ESCI 302

CJ2: Giving Back by Giving Less: A Gift-Giving Makeover


Excessive gift wrapping

Excessive gift wrapping

So much packaging for such a tiny (plastic) gift. What’s the point?


Simple, recycled wrapping paper 🙂

Giving less (stuff) can mean so much more!

The more birthdays and Christmases I see come and go, the more I realize how much gift giving has become something most people feel obligated to do. I’ve noticed that for a lot of well-meaning family members, quantity wins out over quality, and before I know it, we’re all drowning in gift wrapping, bubble wrap, plastic packaging, and plastic gifts. Completely acknowledging that this sounds like such an entitled first world problem…it is exactly that! In countries like Canada, we often view the giving of physical gifts as a language of love. But what happens when gifts start flying around just for the sake of giving them? Not to mention the excessive plastic packaging that most gifts are drowning in (especially if they have been bought online). Besides the stress of trying to find where to put all this “stuff”, the biggest problem is all that packaging that ends up hitting the landfills.

Robin Wall Kimmerer makes a beautiful yet powerful statement when she talks about “powerful acts of reciprocity with the land” (pg. 174). I have decided my act of reciprocity for the land is to ask that family and friends avoid giving gifts to me and my children that contain plastic packaging of any kind, and to take it a step further, to avoid the gift itself containing plastic. I am also going to avoid the same when giving gifts to others. In addition, I am going to phase out using wrapping paper and find ways to use recycled materials instead.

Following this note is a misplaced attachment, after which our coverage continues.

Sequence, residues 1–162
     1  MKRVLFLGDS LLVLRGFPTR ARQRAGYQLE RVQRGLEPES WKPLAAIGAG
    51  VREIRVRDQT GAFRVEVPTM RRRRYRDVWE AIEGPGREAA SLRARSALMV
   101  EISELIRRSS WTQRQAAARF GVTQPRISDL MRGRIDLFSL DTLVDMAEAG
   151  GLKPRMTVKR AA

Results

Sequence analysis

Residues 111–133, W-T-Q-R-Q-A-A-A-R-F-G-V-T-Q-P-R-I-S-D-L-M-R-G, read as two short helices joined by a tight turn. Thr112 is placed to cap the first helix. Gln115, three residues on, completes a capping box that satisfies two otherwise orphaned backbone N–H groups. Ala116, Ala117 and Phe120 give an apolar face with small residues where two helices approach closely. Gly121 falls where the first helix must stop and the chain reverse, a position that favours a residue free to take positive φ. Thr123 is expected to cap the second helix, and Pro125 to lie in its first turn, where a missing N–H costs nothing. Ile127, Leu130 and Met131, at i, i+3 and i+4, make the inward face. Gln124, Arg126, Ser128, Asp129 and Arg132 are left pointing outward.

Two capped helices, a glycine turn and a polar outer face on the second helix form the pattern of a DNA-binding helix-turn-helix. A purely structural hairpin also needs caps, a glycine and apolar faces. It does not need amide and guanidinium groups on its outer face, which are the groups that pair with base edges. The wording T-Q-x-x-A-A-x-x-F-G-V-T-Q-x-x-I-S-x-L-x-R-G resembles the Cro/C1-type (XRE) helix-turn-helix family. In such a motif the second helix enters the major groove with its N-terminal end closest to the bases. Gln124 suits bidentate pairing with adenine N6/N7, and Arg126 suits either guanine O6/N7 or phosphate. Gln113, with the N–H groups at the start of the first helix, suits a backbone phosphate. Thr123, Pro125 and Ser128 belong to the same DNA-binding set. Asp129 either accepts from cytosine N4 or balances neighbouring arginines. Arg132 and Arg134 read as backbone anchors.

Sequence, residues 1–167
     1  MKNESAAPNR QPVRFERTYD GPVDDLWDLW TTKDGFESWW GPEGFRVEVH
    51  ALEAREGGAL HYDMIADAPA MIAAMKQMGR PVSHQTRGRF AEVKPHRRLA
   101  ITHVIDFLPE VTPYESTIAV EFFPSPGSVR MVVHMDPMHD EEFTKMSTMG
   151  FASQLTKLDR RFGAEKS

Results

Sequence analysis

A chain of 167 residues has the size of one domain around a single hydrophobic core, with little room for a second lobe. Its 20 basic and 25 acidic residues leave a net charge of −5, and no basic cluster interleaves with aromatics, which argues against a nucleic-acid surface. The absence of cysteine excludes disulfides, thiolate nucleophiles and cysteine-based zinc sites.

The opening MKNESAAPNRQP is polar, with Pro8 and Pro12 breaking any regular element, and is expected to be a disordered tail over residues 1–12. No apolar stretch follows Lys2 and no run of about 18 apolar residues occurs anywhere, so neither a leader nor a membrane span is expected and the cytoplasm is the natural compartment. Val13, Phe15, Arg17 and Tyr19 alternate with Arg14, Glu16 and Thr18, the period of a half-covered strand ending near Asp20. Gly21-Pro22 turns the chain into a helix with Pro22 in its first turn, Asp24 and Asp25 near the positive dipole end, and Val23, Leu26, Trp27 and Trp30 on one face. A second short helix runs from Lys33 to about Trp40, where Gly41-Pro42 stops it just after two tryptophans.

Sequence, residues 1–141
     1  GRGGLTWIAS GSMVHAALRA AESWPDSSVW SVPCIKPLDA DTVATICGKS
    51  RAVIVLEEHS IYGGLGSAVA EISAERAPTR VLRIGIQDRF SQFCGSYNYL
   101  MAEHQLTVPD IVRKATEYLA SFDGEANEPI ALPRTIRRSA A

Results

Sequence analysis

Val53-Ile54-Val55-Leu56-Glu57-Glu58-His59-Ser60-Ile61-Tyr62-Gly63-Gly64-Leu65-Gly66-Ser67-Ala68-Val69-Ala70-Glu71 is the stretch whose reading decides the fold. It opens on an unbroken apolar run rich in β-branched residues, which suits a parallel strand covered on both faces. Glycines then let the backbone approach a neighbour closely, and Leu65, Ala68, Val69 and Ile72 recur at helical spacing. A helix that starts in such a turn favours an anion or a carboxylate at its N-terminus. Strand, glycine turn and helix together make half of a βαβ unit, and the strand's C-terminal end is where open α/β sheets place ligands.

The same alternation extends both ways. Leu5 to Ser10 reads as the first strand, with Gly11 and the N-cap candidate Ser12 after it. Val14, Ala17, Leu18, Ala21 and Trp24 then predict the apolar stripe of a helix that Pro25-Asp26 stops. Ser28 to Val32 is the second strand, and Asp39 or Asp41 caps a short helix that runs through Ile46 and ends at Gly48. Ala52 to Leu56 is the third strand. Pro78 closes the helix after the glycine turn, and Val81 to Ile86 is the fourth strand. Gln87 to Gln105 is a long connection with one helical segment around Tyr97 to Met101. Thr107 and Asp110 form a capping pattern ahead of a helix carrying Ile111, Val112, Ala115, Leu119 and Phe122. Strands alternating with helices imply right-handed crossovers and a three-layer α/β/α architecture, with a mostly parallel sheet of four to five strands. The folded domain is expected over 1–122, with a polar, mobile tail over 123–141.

To visually represent this idea, I created a “Christmas present” out of cardboard. When this “gift” is viewed from one side, it is wrapped in excessive paper and there is layer after layer of packaging. Contained in the gift is a plastic toy a fraction of the size of the packaging itself. To represent the act of reciprocity, when the “gift” is turned over, it is wrapped in recycled newspaper and contained in the box are different ideas for gifts that don’t involve packaging or useless “stuff” at all – gifts such as concert tickets, magazine subscriptions, books, experiences, etc. Giving something such as an experience means the gift of giving time spent with a loved one, which is almost always more meaningful than a material thing.

2 thoughts on “CJ2: Giving Back by Giving Less: A Gift-Giving Makeover”

  1. Hey Lauren!
    Great blog post! This idea is really out of social norms and will be a big change. But you are absolutely right that wrapping does not mean anything; it is what you are giving. I know for my family my grandmother saves bags and reuses them for gifts. As for myself I do the same but this year moving to Regina; I had no supply. When I was looking around at the mall the wrapping paper was more then the gift itself. The wrapping isn’t what matters; it is the giving that matters. This year I ended up wrapping my friends Christmas presents in newspaper I found around at the school and after they were done opening the presents we recycled the paper. Can wrapping paper be recycled? or the plastic coatings that are over the gifts? Curious to what extend are things recyclable (gift wise). It is hard to buy gifts with minimal packaging unless they are homemade. Its an inspiration to be able to do this in todays society and norms. Good luck!


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